Opinion: Will the blue wave hit the heartland?
OMAHA, Neb. — I’ll take the #bluewave for $300.
That’s the powerful title for the fundraiser being held here in an Irish pub just down the street from Boys Town. The centerpiece of the evening is a barroom game of Jeopardy, played by three onetime Omaha-area Jeopardy contestants, and the beneficiary, a Democratic challenger in a House district that Donald J. Trump barely carried two years ago, is at a table explaining why she favors a Medicare-for-all health plan.
‘’The amount of money families are paying for health care is astronomical,’’ Kara Eastman, who heads a local nonprofit, is telling Bill Warzak, a retired child psychologist. He is drinking a Zipline, an IPA bottled in the state capital of Lincoln, she is nursing a Diet Coke. ‘’We’re getting used to those charges. We just accept it. But these are outrageous costs.’’
Eastman, 46, who is trying to defeat GOP Rep. Don Bacon, is campaigning this evening in the western fringes of Omaha but is on the front line of next month’s midterm elections. Nebraska has voted Republican in every presidential election in the last hundred years except for the Democratic landslides of Franklin D. Roosevelt (1936) and Lyndon B. Johnson (1964). In 2016 Hillary Rodham Clinton took only a third of the Nebraska vote, winning only two of the 93 counties in this state. One of them was here in Douglas County.
That makes this contest — a freshman Republican and a novice challenger in a district skeptical of abortion restrictions and broad gun rights — a key test of the Republicans’ effort to keep the House and of the Democrats’ drive to end one-party rule in Washington and deliver a message of repudiation to the president.
‘’If the blue wave is big enough—if it is real and national—she gets carried along,’’ says former Democratic Rep. John J Cavanaugh, who represented this district from 1977-81.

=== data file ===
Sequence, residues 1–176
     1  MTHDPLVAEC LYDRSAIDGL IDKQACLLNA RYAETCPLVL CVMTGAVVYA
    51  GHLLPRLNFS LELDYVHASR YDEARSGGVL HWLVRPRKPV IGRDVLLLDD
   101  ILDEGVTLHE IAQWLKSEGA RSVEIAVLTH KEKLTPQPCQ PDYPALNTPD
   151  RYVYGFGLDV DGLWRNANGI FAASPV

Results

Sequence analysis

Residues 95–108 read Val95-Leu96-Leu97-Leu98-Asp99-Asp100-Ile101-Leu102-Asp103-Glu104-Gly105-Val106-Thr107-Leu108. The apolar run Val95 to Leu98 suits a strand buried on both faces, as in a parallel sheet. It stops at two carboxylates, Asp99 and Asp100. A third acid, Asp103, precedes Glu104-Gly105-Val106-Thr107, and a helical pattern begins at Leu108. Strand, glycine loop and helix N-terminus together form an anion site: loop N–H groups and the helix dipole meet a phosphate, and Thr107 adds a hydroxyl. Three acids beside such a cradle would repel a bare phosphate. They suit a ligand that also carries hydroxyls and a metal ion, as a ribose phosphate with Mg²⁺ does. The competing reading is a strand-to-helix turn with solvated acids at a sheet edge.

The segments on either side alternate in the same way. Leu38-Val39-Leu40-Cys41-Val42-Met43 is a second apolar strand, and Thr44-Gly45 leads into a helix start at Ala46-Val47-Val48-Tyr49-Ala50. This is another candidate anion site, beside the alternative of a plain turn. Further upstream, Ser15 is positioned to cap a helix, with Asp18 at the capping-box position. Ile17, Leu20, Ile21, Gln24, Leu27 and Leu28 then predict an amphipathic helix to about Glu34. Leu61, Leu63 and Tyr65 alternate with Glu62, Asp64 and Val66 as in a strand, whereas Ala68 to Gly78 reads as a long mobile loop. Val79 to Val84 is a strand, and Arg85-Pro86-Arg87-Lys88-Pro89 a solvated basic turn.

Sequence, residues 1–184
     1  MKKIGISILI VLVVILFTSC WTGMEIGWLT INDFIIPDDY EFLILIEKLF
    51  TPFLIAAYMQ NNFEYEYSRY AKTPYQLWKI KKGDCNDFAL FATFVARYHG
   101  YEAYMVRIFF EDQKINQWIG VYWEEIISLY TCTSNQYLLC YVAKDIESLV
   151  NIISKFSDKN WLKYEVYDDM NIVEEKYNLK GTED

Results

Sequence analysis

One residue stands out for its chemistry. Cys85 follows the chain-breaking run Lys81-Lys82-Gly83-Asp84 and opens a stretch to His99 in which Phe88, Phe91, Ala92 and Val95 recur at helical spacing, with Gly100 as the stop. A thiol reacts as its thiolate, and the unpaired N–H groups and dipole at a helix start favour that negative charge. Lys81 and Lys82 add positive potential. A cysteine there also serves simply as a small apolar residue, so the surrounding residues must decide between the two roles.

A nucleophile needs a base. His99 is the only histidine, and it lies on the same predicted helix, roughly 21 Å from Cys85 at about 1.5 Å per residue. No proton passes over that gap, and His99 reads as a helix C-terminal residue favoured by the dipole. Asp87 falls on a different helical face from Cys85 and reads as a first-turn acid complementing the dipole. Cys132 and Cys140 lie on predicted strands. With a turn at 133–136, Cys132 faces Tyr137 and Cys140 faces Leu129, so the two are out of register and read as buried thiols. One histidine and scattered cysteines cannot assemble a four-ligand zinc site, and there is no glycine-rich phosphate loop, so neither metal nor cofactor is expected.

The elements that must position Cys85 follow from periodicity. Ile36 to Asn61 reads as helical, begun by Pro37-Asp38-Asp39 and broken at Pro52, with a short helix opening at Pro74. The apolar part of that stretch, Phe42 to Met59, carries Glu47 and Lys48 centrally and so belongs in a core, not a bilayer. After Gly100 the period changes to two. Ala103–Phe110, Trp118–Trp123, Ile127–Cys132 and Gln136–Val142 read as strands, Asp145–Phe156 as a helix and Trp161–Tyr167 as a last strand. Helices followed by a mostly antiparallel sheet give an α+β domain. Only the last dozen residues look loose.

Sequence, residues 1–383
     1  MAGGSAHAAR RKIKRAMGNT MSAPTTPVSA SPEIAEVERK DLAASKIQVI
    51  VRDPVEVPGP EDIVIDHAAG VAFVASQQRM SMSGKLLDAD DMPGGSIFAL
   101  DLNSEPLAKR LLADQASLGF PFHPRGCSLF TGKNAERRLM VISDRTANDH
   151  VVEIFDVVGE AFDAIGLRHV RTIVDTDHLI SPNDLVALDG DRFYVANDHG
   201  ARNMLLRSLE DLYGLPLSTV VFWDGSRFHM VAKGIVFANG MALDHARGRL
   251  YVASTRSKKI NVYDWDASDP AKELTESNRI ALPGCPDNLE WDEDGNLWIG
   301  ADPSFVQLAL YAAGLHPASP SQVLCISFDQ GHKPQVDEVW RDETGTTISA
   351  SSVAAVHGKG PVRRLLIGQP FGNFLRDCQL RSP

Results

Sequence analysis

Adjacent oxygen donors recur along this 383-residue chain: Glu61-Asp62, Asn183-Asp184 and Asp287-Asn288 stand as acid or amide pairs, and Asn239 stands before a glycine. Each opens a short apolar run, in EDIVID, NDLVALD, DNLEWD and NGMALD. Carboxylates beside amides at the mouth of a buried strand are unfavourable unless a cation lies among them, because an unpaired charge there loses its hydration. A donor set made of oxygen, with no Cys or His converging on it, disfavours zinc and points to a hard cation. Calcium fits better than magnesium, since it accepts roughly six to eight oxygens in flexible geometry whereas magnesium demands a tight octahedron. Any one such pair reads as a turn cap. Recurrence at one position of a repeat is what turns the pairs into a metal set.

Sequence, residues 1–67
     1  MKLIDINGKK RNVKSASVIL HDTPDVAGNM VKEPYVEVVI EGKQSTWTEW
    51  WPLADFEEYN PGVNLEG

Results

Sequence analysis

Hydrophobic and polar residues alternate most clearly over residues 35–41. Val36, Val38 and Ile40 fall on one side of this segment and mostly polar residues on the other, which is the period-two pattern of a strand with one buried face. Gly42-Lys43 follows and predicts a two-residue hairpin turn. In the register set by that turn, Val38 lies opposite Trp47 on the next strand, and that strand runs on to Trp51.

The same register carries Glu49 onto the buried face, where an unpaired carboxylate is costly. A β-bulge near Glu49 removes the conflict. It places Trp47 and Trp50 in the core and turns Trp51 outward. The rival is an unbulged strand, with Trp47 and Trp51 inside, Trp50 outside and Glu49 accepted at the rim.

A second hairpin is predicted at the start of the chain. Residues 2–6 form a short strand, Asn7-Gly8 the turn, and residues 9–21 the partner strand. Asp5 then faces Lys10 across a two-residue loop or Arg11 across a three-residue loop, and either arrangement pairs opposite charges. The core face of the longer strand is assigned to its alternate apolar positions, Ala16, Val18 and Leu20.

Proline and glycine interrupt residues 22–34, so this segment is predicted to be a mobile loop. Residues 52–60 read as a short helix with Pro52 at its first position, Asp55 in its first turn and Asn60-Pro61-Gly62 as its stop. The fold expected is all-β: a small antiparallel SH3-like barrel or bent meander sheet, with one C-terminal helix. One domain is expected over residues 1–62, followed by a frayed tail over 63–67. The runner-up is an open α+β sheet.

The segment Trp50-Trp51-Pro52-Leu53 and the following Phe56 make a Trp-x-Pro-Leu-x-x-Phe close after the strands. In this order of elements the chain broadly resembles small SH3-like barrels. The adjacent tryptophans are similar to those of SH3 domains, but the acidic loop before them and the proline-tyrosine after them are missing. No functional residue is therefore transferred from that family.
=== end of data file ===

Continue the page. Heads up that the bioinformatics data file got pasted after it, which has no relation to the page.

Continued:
Omaha and the state that stretches from the Missouri River toward Colorado once typified the region that John Gunther described in his magisterial 1946 survey of the country as ‘’American uncontaminated,’’ distinguished by ‘’its actual middleness, not only in geography ... but in its averageness, its typicalness.’’
Much of that remains true, along with this observation, which makes this congressional race so significant: "Here sounds the most natural note in the nation."
If that natural note reflects the political blues Democrats seek to harvest in their effort to concoct a blue wave, there is trouble for Trump: a Democratic House where committees have subpoena power, where the threat of impeachment hangs over his every political twist, turn and tweet, where his efforts to raze Obamacare and raise a border wall are doomed. If the Republicans prevail here, and in four dozen other districts scattered about the country, Trump will be insulated from retaliation from his rivals, safe from impeachment threats and well-positioned for re-election two years hence.
The incumbent here is an Air Force brigadier general with a master’s degree from the National War College, potent credentials in an area with many voters working at Offutt Air Force Base, headquarters of the U.S. Strategic Command and located just outside the district.
Bacon, 55, has four times as much money at his disposal, with more to come from business groups appreciative of his support for the Trump tax cuts. He won his seat two years ago by defeating Democratic Rep. Brad Ashford by only 3,464 votes, his victory sealing GOP domination here: Republicans hold both Senate seats, all three House seats, the governor’s chair and a 30-16 majority in the state’s unusual one-chamber state legislature.
But that profile isn’t fully represented in this metropolitan and suburban district. ‘’These are conservative Republicans, but not as conservative as they are in central or western Nebraska,’’ says Paul Landon, a political scientist at the University of Nebraska’s Omaha campus. ‘’They’re big-city types. These are white-collar people, middle managers, mainstream Republicans. The prevailing notion is that they don’t like Trump’s tactics and personality, but they like that he’s shaking things up.’’
Trump will shake things up again Tuesday, when he visits Council Bluffs, Iowa, just across the Missouri River, to campaign for Gov. Kim Reynolds and Rep. David Young.
Bacon’s advantage is his incumbency and his alliance with the president. Eastman’s advantage is her outsider status and her opposition to the president.
The two couldn’t project more different profiles. They are the two sides of the partisan and cultural divides. They are the November election writ large.
David Shribman executive editor of the Pittsburgh Post-Gazette.